But they gave the offense ample opportunity to mount a comeback in a third quarter, when Miami only gained three yards. The Hurricanes were forced to punt five straight times to start of the second half. Tech couldn’t capitalize with any points.
Things got out of hand late. Miami broke through with a 69-yard drive highlighted by a trick play, a wide receiver pass back to Morris that went for 20 yards. Johnson got into the end zone on a 7-yard run to make it 27-12, an insurmountable lead considering how the game was going.
** Beamer kept coming back to execution as the reason for the Hokies’ struggles, again citing four or five plays that could have changed the tenor of the game, a refrain growing old to a frustrated fan base.
“Turning the ball over in the red zone twice? That’s what I’m talking about. Execution,” he said. “Defensively, we gave up a couple of long plays. Execution. We got a punt blocked. A guy bobbles the ball and get a punt blocked. Execution. Kickoff coverage — we got a guy that gets out of position and all of a sudden pops on us. Execution.”
** Beamer had a serious discussion with the officials after the end of the first half, wanting to know why the clock kept running when the Hokies had gotten close to a first down.
Beamer’s contention was that with a close play, the clock should stop for a measurement. The Hokies didn’t get it, but there was miscommunication about whether or not Tech wanted a timeout.
Here’s how Beamer described it: ”I was waiting for them to stop the clock to measure or give us a first down and stop the clock. The clock is going to stop either way. Well the clock didn’t stop. And finally I called a timeout. So then they measure and now we’re a little bit short. And, they didn’t come to me, but they said they came over and said, ‘Do you want your timeout?’ But no one asked me. So now, they put the ball back in play and start the clock again. And we’re sitting there with three timeouts.”
Beamer said 6 or 7 seconds ran off when the officials didn’t stop the clock before the measurement and 7 or 8 after they started it again without granting Tech a timeout.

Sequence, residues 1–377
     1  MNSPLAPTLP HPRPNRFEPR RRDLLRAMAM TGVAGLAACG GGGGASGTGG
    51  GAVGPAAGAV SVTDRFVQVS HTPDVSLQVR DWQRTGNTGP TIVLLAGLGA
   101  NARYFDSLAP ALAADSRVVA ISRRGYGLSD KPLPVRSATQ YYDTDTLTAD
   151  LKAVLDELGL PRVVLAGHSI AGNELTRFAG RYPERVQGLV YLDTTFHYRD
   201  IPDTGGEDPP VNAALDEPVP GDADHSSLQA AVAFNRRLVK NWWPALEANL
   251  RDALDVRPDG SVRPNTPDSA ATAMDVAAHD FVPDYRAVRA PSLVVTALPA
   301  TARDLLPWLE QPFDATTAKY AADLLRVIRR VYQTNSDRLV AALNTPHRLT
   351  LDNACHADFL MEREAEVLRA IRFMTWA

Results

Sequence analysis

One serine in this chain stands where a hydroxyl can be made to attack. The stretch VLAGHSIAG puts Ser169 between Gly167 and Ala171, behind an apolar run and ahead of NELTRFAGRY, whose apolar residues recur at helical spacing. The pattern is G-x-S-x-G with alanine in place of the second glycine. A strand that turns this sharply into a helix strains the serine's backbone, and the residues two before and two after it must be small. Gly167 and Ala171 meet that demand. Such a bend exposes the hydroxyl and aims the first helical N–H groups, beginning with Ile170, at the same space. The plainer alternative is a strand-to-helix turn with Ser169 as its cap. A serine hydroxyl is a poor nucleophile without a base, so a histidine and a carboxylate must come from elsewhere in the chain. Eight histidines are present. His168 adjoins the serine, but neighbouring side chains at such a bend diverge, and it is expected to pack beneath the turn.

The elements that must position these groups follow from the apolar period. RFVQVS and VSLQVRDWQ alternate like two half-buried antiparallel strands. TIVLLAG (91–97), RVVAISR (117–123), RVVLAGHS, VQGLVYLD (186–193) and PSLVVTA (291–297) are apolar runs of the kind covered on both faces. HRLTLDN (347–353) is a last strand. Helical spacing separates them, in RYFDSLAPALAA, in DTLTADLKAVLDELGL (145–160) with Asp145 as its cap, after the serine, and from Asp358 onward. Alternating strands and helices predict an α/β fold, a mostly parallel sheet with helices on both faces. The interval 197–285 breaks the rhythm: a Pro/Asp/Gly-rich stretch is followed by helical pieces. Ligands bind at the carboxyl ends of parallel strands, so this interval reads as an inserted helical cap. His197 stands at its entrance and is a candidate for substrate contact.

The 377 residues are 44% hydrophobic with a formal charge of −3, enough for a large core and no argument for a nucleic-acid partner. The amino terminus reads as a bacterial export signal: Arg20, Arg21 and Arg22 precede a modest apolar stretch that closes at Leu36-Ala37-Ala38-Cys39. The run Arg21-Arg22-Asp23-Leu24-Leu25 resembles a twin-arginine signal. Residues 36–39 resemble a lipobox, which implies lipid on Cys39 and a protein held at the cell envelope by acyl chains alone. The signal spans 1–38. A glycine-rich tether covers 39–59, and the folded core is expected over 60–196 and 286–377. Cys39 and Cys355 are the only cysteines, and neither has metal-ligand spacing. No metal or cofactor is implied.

“We would have had one more shot at a play there,” Beamer said. “It’s miscommunication. It’s kind of an unusual situation. Just … things not going quite right.”
** Here are a few stats of note:
- Miami was 1-for-12 on third downs.
- Tech had a 34:21 to 25:39 time of possession advantage.
- The Hokies had zero sacks.
- Miami was 6-for-6 in red zone scoring.
- Johnson had 13 touches and 218 all-purpose yards.
- Demitri Knowles had a solid game returning kicks, taking back four kicks for 145 yards. His long went for 51 yards.
** So what now? It’s a strange position Virginia Tech is in right now, one the Hokies haven’t experienced in a long, long time.
“I’ve always said there’s a thin line between being OK and not OK,” Beamer said. “I think sometimes you just assume you should win 10 games and that should happen. But it doesn’t just happen. You get in there with some inexperienced players at times, but his late in the season there’s certainly no excuse either. Just not quite clicking.
“It’s a team game and we’re just not quite clicking. I think everyone’s trying as hard as they can, but it’s very frustrating, very disappointing. I know our fans are disappointed and I’m disappointed because we’re disappointing them. But we’re trying to get this right. You’ve got to keep hanging in there and it’s going to turn around.”